When it comes to paying off debt, to be efficient, you absolutely need a strategy. Paying more than the minimum is certainly a great start, but to pay as little in interest and knock out your debts as quickly as possible, a strategy is needed. Knocking out debt should be a top financial priority, especially if you are paying interest.
We’ve all heard of common strategies like the Snowball method and Debt Stacking, but what about other strategies like “snowflaking” and constant payment? The CGS Team is sharing some great strategies for paying off your debt once and for all. Find the strategy that best fits your situation and get to work. Also, check out the Savvy Saving Woman’s Debt Reduction Kit to help you track your payments and guide you through the debt-repayment process.
Strategy #1: The Snowball Method
The most common debt repayment strategy is the Snowball Method. The Snowball Method requires you to use any extra cash or savings at the end of the month and apply it to one specific debt. That specific debt is chosen by the lowest balance. If you need consistent signs of progress, paying off the lowest balance debts is the way to go, since they can be paid off quicker than highest interest rate debt (Debt Stacking Method). You will continue paying minimum payments on any other debts.
Strategy #2: Constant Payment
The Constant Payment Method requires you paying a constant amount, significantly above the minimum payment if possible, on each of your debts each month. The theory behind this is that paying a constant payment amount above the minimum reduces the principal balance, which also reduces the interest rate. If you already have a set amount of money each month reserved for debts and don’t want to remember to pay each month, this could be an effective alternative.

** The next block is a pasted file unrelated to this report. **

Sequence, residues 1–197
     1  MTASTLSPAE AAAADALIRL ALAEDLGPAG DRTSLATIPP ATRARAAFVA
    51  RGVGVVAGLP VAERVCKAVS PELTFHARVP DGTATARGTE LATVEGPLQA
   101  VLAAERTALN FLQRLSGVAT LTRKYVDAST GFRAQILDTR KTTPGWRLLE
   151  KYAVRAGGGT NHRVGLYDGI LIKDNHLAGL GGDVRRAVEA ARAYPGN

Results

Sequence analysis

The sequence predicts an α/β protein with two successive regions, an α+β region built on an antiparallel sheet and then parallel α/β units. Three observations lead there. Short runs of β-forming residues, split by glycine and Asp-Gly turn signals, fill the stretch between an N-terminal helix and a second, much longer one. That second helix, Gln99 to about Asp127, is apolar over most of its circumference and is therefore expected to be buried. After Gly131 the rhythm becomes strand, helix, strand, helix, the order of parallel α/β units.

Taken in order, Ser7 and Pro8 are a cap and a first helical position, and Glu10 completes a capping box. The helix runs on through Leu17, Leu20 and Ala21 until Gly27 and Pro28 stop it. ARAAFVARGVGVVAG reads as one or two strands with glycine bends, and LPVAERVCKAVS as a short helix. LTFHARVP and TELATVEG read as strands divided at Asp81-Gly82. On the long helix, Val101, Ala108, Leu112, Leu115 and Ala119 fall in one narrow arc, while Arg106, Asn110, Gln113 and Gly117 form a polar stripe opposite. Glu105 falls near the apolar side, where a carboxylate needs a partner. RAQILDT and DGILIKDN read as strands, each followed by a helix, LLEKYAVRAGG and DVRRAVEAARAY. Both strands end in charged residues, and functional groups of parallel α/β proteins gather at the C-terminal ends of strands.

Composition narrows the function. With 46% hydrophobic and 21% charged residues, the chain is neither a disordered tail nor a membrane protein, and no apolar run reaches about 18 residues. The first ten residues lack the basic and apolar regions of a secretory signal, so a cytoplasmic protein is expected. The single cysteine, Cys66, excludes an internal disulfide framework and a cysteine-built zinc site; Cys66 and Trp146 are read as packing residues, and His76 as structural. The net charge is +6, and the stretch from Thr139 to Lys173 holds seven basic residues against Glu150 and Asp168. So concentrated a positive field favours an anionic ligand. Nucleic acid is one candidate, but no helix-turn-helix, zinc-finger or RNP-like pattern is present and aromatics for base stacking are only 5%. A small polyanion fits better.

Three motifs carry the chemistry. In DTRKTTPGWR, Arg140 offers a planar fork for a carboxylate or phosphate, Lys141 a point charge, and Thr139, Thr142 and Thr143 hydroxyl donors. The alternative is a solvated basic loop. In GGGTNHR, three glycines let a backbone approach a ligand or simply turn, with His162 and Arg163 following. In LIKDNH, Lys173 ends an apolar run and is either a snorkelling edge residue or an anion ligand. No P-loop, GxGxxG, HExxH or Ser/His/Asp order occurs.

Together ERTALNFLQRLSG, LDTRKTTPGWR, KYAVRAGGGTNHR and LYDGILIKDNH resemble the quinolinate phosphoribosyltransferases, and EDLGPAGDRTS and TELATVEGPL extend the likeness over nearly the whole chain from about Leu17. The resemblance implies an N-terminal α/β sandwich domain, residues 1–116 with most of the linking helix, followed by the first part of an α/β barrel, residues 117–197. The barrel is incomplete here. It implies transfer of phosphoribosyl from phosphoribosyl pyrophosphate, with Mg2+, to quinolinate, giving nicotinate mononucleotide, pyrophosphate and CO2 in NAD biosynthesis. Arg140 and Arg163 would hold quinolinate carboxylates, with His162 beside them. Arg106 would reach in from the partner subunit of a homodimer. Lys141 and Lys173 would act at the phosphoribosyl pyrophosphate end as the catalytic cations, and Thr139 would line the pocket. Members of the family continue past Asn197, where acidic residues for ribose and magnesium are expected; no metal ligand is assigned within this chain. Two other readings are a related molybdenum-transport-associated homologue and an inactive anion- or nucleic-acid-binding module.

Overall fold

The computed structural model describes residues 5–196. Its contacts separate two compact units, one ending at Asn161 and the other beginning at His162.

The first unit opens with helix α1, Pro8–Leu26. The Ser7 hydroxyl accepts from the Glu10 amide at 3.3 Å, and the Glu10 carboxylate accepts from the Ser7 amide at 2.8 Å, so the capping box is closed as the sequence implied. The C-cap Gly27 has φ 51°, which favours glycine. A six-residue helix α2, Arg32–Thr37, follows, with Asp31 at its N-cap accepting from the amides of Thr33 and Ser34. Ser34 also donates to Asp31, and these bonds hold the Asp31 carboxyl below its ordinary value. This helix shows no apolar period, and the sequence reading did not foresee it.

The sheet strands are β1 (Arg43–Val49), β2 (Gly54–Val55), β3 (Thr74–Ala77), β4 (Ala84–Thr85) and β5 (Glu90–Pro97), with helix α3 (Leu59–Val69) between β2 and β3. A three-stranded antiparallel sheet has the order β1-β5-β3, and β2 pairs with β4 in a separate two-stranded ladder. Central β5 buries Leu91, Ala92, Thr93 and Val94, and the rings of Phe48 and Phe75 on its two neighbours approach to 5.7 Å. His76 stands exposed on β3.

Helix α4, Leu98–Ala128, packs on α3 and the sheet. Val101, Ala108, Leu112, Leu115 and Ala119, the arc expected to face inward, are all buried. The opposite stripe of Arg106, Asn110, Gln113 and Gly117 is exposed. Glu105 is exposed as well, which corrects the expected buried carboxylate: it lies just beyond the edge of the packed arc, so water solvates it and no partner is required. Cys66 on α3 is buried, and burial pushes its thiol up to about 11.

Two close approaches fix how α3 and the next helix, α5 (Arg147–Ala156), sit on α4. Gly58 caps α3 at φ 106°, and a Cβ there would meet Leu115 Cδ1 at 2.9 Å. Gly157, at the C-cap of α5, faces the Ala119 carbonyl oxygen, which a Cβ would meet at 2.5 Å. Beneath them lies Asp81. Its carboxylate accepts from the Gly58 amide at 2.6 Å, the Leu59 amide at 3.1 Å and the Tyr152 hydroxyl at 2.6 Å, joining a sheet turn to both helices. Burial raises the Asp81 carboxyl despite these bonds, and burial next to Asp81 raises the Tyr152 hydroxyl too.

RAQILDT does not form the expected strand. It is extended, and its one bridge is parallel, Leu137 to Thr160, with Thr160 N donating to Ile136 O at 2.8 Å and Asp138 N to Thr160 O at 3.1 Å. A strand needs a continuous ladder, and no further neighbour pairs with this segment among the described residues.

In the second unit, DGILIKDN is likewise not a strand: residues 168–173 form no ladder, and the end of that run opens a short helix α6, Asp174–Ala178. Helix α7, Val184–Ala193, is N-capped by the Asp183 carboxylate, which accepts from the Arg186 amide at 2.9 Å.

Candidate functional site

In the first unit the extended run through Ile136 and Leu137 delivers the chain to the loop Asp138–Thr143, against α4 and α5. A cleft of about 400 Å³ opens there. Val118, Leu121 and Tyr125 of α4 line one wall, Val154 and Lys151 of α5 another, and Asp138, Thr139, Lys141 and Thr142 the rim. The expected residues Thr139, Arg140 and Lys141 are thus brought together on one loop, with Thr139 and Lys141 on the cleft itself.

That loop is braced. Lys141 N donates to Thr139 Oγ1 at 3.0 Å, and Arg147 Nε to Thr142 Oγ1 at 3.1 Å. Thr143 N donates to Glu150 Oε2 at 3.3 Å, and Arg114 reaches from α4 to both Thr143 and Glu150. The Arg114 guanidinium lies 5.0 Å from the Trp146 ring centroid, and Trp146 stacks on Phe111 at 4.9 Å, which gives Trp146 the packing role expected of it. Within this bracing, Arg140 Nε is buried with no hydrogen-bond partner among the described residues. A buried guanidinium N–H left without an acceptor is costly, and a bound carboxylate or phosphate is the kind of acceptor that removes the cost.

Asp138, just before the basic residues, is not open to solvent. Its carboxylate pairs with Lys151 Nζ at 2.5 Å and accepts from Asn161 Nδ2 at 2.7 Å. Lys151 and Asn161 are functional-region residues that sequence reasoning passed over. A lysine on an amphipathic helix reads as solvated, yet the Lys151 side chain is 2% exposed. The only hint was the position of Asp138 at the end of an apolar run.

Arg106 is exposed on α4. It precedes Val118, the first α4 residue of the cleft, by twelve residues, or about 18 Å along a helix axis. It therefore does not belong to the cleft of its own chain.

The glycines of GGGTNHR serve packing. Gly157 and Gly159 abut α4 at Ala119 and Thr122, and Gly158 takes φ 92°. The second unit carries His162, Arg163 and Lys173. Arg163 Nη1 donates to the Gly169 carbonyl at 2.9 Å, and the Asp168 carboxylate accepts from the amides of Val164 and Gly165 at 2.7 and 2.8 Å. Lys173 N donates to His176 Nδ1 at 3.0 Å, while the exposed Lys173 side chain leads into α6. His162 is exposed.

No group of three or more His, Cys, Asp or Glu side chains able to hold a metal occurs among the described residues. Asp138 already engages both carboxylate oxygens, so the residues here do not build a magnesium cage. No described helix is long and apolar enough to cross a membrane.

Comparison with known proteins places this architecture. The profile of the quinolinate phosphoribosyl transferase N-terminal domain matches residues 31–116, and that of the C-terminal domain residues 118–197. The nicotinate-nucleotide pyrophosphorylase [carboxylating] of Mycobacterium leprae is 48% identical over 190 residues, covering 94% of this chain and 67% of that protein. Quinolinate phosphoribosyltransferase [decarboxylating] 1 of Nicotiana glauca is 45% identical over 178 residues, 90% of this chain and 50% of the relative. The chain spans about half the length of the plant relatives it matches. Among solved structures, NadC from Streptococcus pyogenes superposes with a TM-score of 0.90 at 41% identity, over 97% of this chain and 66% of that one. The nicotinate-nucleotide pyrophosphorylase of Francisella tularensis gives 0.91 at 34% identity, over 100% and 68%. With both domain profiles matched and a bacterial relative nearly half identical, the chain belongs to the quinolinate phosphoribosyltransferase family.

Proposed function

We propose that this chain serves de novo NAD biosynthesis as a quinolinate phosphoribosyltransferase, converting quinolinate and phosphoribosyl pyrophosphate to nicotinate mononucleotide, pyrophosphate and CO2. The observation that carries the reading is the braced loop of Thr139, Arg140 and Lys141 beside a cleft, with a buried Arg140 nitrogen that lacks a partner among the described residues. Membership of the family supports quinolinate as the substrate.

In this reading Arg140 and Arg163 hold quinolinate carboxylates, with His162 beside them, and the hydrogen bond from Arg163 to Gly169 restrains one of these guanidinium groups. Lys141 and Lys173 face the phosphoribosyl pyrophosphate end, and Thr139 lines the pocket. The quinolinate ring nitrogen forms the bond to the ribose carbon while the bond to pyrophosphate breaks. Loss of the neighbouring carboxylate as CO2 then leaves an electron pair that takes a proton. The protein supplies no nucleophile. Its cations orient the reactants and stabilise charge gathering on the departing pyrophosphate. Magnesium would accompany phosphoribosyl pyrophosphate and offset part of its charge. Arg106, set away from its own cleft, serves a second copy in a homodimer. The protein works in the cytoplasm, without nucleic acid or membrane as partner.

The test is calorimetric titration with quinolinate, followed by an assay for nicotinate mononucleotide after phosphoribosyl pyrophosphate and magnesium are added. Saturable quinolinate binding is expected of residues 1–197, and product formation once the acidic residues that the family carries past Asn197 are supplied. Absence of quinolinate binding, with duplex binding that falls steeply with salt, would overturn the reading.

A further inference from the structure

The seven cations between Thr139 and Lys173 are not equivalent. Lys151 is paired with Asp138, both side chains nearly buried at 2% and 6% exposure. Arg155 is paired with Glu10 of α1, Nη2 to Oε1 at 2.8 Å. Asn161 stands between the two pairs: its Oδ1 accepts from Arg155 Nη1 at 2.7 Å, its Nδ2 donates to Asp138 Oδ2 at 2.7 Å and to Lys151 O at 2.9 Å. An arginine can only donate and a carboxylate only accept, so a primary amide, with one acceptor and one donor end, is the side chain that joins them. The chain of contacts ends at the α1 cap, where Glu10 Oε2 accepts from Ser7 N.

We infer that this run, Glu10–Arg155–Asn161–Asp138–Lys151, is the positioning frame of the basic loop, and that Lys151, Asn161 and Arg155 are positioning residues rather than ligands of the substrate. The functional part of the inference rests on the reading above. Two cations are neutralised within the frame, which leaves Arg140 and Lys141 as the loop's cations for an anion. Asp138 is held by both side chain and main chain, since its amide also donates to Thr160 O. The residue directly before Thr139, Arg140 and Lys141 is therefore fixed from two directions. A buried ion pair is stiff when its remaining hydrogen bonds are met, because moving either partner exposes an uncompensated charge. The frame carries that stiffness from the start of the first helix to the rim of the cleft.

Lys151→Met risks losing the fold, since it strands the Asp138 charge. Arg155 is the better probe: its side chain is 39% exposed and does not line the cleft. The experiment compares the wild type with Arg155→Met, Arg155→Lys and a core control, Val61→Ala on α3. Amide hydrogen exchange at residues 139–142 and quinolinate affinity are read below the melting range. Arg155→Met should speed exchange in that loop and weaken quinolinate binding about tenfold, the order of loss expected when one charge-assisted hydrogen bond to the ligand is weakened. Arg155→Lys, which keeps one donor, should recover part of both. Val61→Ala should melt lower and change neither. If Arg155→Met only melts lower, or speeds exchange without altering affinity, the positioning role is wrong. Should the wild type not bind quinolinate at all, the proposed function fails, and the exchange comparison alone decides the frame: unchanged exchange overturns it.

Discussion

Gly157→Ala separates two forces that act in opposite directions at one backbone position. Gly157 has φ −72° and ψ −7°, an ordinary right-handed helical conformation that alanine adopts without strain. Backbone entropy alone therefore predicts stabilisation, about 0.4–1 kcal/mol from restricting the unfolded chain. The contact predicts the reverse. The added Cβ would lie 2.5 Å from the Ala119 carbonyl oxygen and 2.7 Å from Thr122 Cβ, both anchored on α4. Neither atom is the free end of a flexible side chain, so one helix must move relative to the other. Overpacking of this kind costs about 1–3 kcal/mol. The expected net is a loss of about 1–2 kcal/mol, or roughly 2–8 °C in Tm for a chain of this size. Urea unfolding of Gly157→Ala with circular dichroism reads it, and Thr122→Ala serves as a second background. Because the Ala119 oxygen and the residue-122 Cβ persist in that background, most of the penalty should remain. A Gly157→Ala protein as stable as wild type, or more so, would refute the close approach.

Strategy #3: Debt Stacking
Similar to the Snowball Method, the Debt Stacking Method requires you to use any extra cash or savings at the end of the month and apply it to one specific debt. However, that specific debt is chosen by the highest interest rate. If you want to save the most money in interest in the long run, this is the best method. You will continue paying minimum payments on any other debts.
Strategy #4: Snowflaking
We came across the “Snowflake” Method by The Simple Dollar and loved it! It’s a great way to avoid overthinking your extra debt payment amounts. Snowflaking generally refers to any little action you take that saves you money, then immediately applying that savings to your debt payments. To save time and avoid multiple transfers, keep track of your daily mini-savings then complete a transfer at the end of the day.
Dealing with debt and assessing the best payments to make is a key factor in your financial success. Instead of aimlessly spending money, make sure you are taking the most effective approach when paying down your debts. What method do you use and how well has it worked for you? Leave a comment below to share your debt-repayment experiences!